22 September 2009

Big Brother and Your Blog

Blogging has begun to come under the legal spotlight and it could affect the blogosphere as we know it. Upon reading this article from
David Spinks I have begun to wonder whether this is a good thing. I mean it could obviously be great for the improvement of blog quality with more truthful and responsible blogging but at the same time...what about the honesty of blogging.
Blogs originally started as personal online journals where people could write their thoughts and ideas about the world around them. Does the policing and reading of every blog by "Big Brother" really ensure that we will get honesty from every writer out there?
Spinks also mentions that higher restrictions could also lead to what he calls "less noise" as in less content and therefore less repetition and useless content. But really, what is useless content? To a Blogger your blog is NOT useless content. Everyone writes for some purpose, whether it be for informing other people, venting about your feelings, or simply to send your ideas out into the internet and see what others think of your thoughts. If we are adding restrictions and keeping some of these people from writing, doesn't that take away the essence of what blogging is all about? Removing the rights of people to blog is like removing their right to think or come up with new ideas. Blogging is free speech and free thought. These are ideas that the United States is founded on. Many frown upon countries where free thinking or liberal bloggers are condemned and the uproar upon the discovery of political censorship of blogs in certain nations. If we are to condemn other nations for their censorship of blogs do we truly have the right to even begin to consider putting restrictions on our own?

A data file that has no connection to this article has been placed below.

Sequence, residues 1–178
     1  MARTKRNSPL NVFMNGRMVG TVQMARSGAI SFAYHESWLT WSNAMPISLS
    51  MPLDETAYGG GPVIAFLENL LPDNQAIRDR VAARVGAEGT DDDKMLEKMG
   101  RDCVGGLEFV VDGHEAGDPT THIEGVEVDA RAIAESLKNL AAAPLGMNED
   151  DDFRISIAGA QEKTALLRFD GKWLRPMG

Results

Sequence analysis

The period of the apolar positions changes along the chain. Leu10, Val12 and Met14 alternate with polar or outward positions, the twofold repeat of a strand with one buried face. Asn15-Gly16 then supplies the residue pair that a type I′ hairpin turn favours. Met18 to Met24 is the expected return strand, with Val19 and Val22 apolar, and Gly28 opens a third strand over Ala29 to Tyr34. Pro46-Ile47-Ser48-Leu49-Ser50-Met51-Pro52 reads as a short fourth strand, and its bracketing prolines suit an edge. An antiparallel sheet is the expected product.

Perhaps I have just stood upon a soap box, but at the same time, isn't this a bit of censorship?

1 comment:

David Spinks said...

Thanks for the link. I agree that too much government regulation would ruin the essence of blogging. As blogging grows in popularity though, it's hard to believe that some regulatory action won't be taken.